Alex Hales narrowly missed his maiden Test century at Lord’s, as England pressed for a 3-0 Investec series whitewash of Sri Lanka.
Both Hales (94) and Alastair Cook had collector’s-item good fortune on their side, via DRS and playing conditions, before England declared on 233-7 on day four of the third Test.
An especially unusual escape on 58 for Hales, thanks to an errant no-ball call by umpire Rod Tucker, brought a sideshow of minor controversy.
Sri Lanka draped a national flag over the team balcony as a demonstration of moral support for unlucky bowler Nuwan Pradeep (3-37), then had to take it down at the request of MCC because it contravened ground rules.
Sri Lanka Cricket president Thilinga Sumathipala later confirmed the circumstances surrounding Hales’s non-dismissal would be “reported to the International Cricket Council” – adding the tour management were “very sad” about it.
The bottom line, however, was that – after Hales and Cook’s sixth-wicket stand of 82 – England were able to set their opponents a ground-record target of 362 and had obvious prospects of a third successive victory, albeit one which will have to be harder-earned than the previous two.
To do so, on a pitch providing untypically variable bounce and sharp turn, they will need all 10 wickets on the final day after Sri Lanka closed on 32 for none.
Hales, who had twice previously in this series got within striking distance of a first Test hundred, finally departed almost on the stroke of tea after rain had prevented play until 2.40pm.
By the time he was lbw on the back foot to Angelo Mathews, the opener had used up his fair share of good luck in an innings which contained 10 fours and a six over long-on off Rangana Herath.
The strangest occurrence came when he appeared to have been bowled by a Pradeep shooter.
Tucker’s mis-call provided the reprieve – one which stayed, because of an anomaly in current ICC protocol. A front-foot line decision can be over-ruled by the third umpire to provide an escape route for a dismissed batsman, if the bowler has overstepped without initially being called – but the equal and opposite amendment is not yet in place.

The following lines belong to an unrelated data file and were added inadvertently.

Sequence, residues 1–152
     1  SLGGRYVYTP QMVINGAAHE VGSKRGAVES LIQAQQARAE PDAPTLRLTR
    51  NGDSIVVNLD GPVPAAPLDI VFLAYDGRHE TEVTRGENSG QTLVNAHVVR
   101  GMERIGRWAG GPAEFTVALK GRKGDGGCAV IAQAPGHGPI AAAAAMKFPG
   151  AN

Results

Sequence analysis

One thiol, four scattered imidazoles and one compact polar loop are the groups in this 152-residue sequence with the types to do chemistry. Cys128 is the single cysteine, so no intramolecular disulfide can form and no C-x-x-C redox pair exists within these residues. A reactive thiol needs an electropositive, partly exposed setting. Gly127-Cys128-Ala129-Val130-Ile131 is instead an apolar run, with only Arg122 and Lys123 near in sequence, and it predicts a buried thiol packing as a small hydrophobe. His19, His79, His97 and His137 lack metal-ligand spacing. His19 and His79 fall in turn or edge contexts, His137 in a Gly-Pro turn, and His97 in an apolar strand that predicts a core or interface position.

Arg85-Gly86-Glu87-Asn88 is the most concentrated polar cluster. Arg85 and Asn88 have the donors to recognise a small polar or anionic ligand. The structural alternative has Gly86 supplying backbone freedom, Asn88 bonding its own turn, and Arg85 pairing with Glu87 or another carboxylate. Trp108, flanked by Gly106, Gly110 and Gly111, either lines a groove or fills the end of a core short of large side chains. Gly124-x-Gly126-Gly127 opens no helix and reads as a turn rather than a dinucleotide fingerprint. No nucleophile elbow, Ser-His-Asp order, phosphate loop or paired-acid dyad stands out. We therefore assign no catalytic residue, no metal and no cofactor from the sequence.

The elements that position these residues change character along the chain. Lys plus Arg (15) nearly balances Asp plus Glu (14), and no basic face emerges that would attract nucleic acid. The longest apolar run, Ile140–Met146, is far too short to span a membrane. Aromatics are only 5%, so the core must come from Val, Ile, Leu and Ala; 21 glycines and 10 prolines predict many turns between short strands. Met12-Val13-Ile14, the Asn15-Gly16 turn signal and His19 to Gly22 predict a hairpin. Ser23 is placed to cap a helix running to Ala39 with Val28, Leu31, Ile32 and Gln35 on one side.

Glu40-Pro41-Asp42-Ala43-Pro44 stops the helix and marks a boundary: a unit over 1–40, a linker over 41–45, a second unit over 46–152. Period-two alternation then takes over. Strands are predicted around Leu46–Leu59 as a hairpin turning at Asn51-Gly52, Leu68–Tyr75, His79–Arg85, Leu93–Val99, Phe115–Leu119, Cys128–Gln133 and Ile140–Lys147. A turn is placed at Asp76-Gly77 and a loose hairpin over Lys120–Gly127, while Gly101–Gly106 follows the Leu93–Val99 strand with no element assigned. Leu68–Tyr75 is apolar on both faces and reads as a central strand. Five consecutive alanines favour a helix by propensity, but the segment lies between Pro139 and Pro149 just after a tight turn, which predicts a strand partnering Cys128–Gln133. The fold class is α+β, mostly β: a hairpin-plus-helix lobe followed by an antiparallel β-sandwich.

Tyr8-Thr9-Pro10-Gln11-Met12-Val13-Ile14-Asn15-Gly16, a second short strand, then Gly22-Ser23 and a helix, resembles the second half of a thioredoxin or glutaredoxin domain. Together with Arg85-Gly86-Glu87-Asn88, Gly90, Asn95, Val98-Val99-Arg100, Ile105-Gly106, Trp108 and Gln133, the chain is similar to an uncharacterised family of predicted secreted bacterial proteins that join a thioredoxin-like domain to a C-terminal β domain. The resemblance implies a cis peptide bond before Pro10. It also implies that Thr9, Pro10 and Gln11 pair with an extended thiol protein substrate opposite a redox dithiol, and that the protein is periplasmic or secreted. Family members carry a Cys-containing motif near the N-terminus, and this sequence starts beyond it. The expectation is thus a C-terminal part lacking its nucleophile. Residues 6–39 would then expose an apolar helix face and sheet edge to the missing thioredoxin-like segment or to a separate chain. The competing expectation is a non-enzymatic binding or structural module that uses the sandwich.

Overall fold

Hales could not reasonably claim to have changed his shot in any way on the basis of a no-ball call on this occasion. Pradeep was therefore robbed, by human error, of his fourth wicket.
Then in the next over came confirmation that nothing was going right for Sri Lanka when Cook went to DRS to overturn lbw on the back foot to Herath and simulation demonstrated impact with the left-hander’s back leg was marginally outside off-stump.
For good measure, with Cook still only on 11, more turn down the slope would have seen him out lbw had Sri Lanka chanced their remaining DRS option.
The tourists had at least got rid of nightwatchman Steven Finn quickly, pinned in front lbw when Shaminda Eranga (3-58) swung one up the slope after England belatedly resumed on 109-4.
Hales was therefore reunited with his familiar opening partner Cook, the England captain fit to bat down at No 7 after recovering sufficiently from a bruised knee.
Hales benefited from two thick edges down to third-man for boundaries off Eranga, and another mighty close call for lbw in between on the way to his 50.
He was again unable to convert to three figures, but was the cornerstone of England’s innings.
Cook hit only the 11th six of his record-breaking Test career and mixed in some uncharacteristic, nifty limited-overs-style novelty shots too before declaring one short of his own 50.
Dimuth Karunaratne and Kaushal Silva closed out a day halved by bad weather to only 45 overs.